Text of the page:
My general idea about "not letting the project fall into obscurity" (which is, indeed, a big problem) is making the project cheap and easy to replicate - one of the main goals of this project. Once that's achieved, we only need reliable software to go with it - and that's what I'll be putting work in, too =)

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Jonathan wrote 11/02/2017 at 05:19 point

What are the possibilities of VoTor? Haha

Voice over Tor?

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Arsenijs wrote 11/10/2017 at 12:51 point

As long as there's existing software that does it, that would be easy =) Once I'll get the microphone addon board made, I'll be looking into things like these. Any existing software for voice over Tor that you could suggest?

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tngreene wrote 10/06/2017 at 14:19 point

Hey, been keeping an eye on this for a while. Did I miss the crowdfunding opportunity? I'm not sure how crowdfunding works in the sector of the tech world works, but I was expecting like a Kickstarter or Indiegogo link to appear sometime. I'm new, obviously.

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Tor wrote 10/07/2017 at 22:48 point

https://www.crowdsupply.com/arsenijs/zerophone   <- This is what I found for a pre-launch crowd funding page. I'm not affeliated with the core team, but I have been watching every single day for updates. I'm so excited for launch.

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Arsenijs wrote 10/11/2017 at 14:02 point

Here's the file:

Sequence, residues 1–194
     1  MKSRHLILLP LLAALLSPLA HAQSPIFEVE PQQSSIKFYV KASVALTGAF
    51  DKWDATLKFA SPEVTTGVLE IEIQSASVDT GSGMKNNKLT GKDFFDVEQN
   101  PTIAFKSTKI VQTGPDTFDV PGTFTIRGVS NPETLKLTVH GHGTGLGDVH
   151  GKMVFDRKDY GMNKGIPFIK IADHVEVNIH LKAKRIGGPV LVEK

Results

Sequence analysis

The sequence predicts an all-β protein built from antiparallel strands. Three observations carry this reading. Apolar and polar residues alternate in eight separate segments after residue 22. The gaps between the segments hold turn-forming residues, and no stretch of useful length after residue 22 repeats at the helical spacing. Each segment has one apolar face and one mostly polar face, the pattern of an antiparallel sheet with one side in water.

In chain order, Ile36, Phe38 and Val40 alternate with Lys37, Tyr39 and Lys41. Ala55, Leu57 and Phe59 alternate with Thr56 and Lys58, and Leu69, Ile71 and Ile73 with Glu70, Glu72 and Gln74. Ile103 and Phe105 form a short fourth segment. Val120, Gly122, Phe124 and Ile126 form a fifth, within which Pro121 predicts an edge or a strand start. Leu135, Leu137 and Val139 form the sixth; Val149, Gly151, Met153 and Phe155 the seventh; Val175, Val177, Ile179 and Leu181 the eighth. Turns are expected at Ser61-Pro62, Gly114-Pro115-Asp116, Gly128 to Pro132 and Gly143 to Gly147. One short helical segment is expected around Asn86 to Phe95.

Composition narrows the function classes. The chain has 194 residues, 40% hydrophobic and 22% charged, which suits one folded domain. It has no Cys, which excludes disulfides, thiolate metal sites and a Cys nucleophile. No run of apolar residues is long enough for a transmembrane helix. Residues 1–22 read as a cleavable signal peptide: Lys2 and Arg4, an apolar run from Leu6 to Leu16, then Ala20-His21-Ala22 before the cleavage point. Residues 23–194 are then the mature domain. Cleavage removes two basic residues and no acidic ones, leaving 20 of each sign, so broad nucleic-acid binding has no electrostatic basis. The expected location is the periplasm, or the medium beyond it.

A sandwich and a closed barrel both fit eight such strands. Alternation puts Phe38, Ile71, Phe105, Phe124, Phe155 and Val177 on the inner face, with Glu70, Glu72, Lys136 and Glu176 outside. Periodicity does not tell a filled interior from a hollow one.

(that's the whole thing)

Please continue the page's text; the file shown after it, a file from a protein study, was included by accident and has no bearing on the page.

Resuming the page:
Hi! Sorry, would've answered myself this earlier but didn't get a comment notification - again =( So, I'm still preparing the hardware for the crowdfunding - there are lots of variables I need to take into account before I can even estimate the cost, and I also need to make a revision which is as optimized for independent assembly as possible - which is going to be the next revision. Also, I'm now working on complying to Hackaday Prize finalist requirements =) The pre-launch page @Tor linked is the right one, but it's taking time to get to the launch.

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dinu wrote 09/09/2017 at 02:46 point

Great piece of work, thanks for sharing.

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Magnus Westin wrote 09/02/2017 at 05:42 point

I tried to make a donation using your paypal link, but got this error from paypal:
This recipient accepts PayPal payments only through their website. To complete this payment, please go to their website and follow their instructions, or email the recipient for instructions.

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Arsenijs wrote 09/06/2017 at 01:23 point

The new link is paypal.me/TheZeroPhone - I'll tell about the problem that happened in one of the next newsletters =)

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Arnaldo Pirrone wrote 08/11/2017 at 10:50 point

Hi, does it makes sense redesigning the modem board to use a simcomm SIM7600C module or equivalent which supports LTE? Considering that GSM/2G is being dismissed more and more and the fact that the ZeroPhone might also be a great pocket modem device (like huawei pocket modems) i'd assume yes. I don't know if it would be cost effective, though.

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Arsenijs wrote 08/13/2017 at 08:49 point

Right now, I'm trying to find time to finish the adapter board for SIM5320 that I've started =) It's 3G, and shouldn't require too much additional hardware, so that should be OK for now - 3G doesn't seem to be dismiss-able in the next couple of years.

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Blecky wrote 08/09/2017 at 05:12 point

Have you considered a Nokia style case for this at all?

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Arsenijs wrote 08/13/2017 at 08:47 point

I have, just that the PCBs will definitely need to be redesigned. There's #Nokia 3210 Retro Fit Board project - I'm watching it closely, check it out, too, it's great!